You should familiarize yourself with George Mason University's "Honor System and Code". With regard to this course, acts of dishonesty include, but are not necessarily limited to, cheating on examinations, plagiarizing material from other sources, making up material or sources of information, and/or submitting work for this course originally completed for other courses without instructors permission. The penalty for academic dishonesty is failure of the course -- and you will be reported to the Honor Committee.
Plagiarism means using the exact words, opinions or factual information from another person without giving that person credit. Plagiarism is the equivalent of intellectual robbery and cannot be tolerated in an academic or journalistic setting.


In all discussions and assignments, this course emphasizes the importance of avoiding identifications and descriptions that serve to perpetuate stereotypes about gender, age, dialect, disability, national origin, race, religious affiliation and sexual preference. It is expected that discussions will be open and honest, but abusive language or behavior will not be tolerated.

No food will be allowed in the classroom, nor will smoking be tolerated.

Common courtesy should always prevail.

Your regular attendance in this class will have a great impact on your final grade. Your in-class participation is critical (in other words, you want me to know your name as early in the semester as possible!). I will create a seating chart since there's a learning curve (for me) to remember your names.

The only acceptable excuse for missing class is illness, serious family emergency, or a major religious holiday.
For an excused absence, you must bring a note from a doctor (or medical professional) or parent (in the case of a family emergency).
Any application for an excused absence must be submitted in writing with a copy for my records.

Missing class without an approved written excuse will mean a failing grade for any in-class work and participation for that class.
If the number of missed classes add up, you will discover that you are failing that portion of the class. Equally important, it will strongly affect your final grade in other ways: missing important information that impacts your ability to successfully complete assignments.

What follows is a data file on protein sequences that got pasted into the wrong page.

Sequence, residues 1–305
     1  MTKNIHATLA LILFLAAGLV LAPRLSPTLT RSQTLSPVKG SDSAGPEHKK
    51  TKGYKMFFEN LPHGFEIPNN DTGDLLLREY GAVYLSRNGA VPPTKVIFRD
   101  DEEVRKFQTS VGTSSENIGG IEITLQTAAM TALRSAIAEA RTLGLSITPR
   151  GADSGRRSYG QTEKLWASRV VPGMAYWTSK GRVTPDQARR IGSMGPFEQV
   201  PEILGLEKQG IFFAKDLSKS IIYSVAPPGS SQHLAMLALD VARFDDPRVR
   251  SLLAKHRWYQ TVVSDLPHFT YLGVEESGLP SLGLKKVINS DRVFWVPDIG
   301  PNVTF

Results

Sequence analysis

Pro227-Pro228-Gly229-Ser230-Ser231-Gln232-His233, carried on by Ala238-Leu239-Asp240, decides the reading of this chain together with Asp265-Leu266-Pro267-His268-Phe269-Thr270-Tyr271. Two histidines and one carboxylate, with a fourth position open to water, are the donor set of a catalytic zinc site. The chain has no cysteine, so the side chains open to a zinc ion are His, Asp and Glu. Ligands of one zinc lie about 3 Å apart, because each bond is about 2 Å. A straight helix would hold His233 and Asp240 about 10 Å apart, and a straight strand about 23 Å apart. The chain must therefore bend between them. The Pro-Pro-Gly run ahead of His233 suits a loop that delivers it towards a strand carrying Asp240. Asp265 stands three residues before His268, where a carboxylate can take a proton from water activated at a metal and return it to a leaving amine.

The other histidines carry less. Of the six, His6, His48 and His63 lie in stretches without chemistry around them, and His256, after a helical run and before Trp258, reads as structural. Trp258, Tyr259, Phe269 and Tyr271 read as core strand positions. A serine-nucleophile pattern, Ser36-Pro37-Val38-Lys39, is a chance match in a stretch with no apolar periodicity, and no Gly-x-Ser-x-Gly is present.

If you are sick or can't attend class for whatever reason (and I have heard them all by now), I expect an e-mail explaining the absense (just as you would do for an employer). I consider this part of your class participation. This policy remains in force from the first class to the last.

Classes will start on time; it is rude to your fellow students and instructor to be late and costs them classtime if I need to repeat material for your benefit.

Be aware of traffic and parking patterns in and around campus, especially the first week of the semester.

It is the policy of George Mason University and this instructor to make every reasonable effort to allow members of our diverse university community to observe their religious holidays without academic penalty. However, it your responsibility to provide me with advance written notice of the dates of any major religious holidays on which you will be absent (the earlier notice the better please).

I have office hours and encourage you to use them -- as well as making mutually convenient appointments as necessary.
Students who proactively visit with their professors before a situation becomes a problem tend to avoid problems and do better in class.
Conversations about grades or individual problems are best dealt with in my office during office hours.

This university and this instructor are committed to providing an equitable learning environment for every student. I will readily adjust for those students with special needs. If you have special needs in the classroom, please provide a letter from Disability Support Services confirming and describing your special needs at the start of the semester. You may have Disability Support Services contact me directly. This information will be kept in confidence.

Finally, you will find that I'm extremely responsive to e-mail. However, it is important that you include Comm361-001 and an applicable title or headline in the SUBJECT line or your note may go unanwered (or end up in my SPAM folder).


  • The Associated Press Stylebook applies for spelling, accuracy, style, attribution, etc. Don't get so caught up in the presentation that you lose sight of solid, accurate, credible journalism.
  • Attend class. Only in extreme circumstances should you request permission from your instructor to miss class. There are only 28 of them.
  • You alone are responsible for saving your work and transferring files. We'll teach you how to do it if you don't already know, but after that, you're on your own (with help always available from our TAP assistant and from the STAR lab in Johnson Center 229 and 311). You must bring your files to every class on some type of portable media.

Updated 1/21/09